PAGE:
• If you don’t maintain a database of personal preferences or habits of your customers
  • If you don’t regularly divide up (segment) your customers based on those preferences and address them in your marketing
  • If you don’t train your people to look for, understand, and record unique wishes and preferences among your customers
  • If you don’t yet have the ability to communicate instantly and personally with every past and present customer in multiple ways – by mail, email, text, phone, or in person
Transient

It had to happen sooner or later, and it’s happening now. Consumers are getting tired of buying the same things as everyone else. They are increasingly looking for retailers, service providers, and institutions who treat them as individuals and who can give them something uniquely theirs.Land’s End has 20 different styles of gift cards available – suitable for virtually every occasion and recipient – and you can even record a personalized message into the gift card holder for an extra special touch.

Nike allows you to customize a pair of their shoes with different colors, trims, icons, and team names, according to the Wall Street Journal.

You can buy skins for your computer or your MP3 player to change its color or appearance.

Even the U.S. Post Office, long scorned for its seeming lack of innovation, lets you customize your postage stamps through its website.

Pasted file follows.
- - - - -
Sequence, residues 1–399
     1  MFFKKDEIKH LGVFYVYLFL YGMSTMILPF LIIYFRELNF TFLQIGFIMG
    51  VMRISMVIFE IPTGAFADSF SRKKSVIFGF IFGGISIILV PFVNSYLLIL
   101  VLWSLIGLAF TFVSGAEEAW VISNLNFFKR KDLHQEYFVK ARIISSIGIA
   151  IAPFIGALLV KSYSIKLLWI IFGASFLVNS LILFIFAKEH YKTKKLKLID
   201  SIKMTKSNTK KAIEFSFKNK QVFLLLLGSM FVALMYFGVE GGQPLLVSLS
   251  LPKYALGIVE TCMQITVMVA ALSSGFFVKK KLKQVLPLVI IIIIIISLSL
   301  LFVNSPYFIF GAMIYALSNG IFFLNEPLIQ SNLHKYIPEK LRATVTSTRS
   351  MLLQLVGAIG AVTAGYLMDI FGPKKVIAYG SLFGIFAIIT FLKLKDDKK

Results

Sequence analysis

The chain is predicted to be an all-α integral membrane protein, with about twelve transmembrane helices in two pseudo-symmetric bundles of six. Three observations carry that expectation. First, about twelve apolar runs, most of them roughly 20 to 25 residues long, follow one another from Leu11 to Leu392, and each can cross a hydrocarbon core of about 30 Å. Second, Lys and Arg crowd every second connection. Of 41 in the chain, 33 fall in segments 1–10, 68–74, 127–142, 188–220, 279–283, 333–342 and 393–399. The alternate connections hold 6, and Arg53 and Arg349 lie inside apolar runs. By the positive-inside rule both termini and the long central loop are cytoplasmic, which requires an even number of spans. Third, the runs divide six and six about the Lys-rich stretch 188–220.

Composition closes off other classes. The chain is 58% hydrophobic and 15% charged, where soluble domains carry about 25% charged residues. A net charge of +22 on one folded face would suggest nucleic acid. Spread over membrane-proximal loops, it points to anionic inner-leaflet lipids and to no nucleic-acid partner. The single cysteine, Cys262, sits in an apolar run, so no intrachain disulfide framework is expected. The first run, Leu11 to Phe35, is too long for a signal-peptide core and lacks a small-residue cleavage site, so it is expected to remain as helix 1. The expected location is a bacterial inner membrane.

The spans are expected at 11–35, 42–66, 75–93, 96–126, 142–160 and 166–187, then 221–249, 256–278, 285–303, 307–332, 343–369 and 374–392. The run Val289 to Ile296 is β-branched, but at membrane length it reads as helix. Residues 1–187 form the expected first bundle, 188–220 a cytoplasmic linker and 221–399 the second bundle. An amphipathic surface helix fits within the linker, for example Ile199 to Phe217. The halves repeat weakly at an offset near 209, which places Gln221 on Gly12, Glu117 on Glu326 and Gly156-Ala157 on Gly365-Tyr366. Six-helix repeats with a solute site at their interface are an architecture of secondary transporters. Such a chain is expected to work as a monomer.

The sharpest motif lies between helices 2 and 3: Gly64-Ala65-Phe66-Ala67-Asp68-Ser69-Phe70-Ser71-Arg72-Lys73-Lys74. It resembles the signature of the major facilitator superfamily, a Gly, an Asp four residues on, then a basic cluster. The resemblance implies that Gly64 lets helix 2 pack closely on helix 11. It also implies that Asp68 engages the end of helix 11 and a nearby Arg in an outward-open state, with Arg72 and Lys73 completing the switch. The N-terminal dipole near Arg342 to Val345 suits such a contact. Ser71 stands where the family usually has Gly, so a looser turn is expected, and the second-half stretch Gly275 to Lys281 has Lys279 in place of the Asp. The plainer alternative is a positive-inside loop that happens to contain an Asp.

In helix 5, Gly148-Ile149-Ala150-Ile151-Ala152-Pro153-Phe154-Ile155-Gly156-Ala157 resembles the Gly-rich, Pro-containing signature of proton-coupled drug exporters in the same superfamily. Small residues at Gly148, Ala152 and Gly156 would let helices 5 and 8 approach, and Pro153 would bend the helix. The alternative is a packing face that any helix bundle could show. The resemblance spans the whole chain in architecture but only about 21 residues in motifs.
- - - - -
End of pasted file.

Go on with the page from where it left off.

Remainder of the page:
Have you started thinking about how you can offer customers more personalized choices – or just more choices than your competitors?

Here are some indications that you have work to do to get ready for this trend:

  • If you don’t maintain a database of personal preferences or habits of your customers
  • If you don’t regularly divide up (segment) your customers based on those preferences and address them in your marketing
  • If you don’t train your people to look for, understand, and record unique wishes and preferences among your customers
  • If you don’t yet have the ability to communicate instantly and personally with every past and present customer in multiple ways – by mail, email, text, phone, or in person

Too much trouble or too expensive, you say? Bologna. These are no longer dreams. They are becoming the basic prerequisites for competing. And it’s never been easier or more affordable to get in the game – thanks to technology.

Virtually every major retailer in America has figured it out and is working on the next generation. It’s no secret – what the market leaders do ahead of everyone else eventually becomes the standard for their industry… about the same time that the bar is raised yet again.

So… are you ready for a customized world?

Carl Francis

From our archives

Are the nay-sayers killing your company?

IF NEW IDEAS OR BIG CHALLENGES are constantly greeted with "No’s" or rolled eyes, you have a big problem. When Intel wanted to land the computer chip contract for Apple TV, it didn’t submit a low bid, favorable terms, or promises of extra service. Intel modified their chip to make it thinner and small enough to fit into Apple’s set-top box.

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Opportunity or distraction?

AS A LEADER, CAN YOU STRATEGICALLY, CONSISTENTLY, AND LOGICALLY EVALUATE NEW IDEAS OR CONCEPTS – regardless of where they come from? Can you determine whether or not it is a valid, worthwhile concept to pursue – or simply a time- and resource-wasting distraction?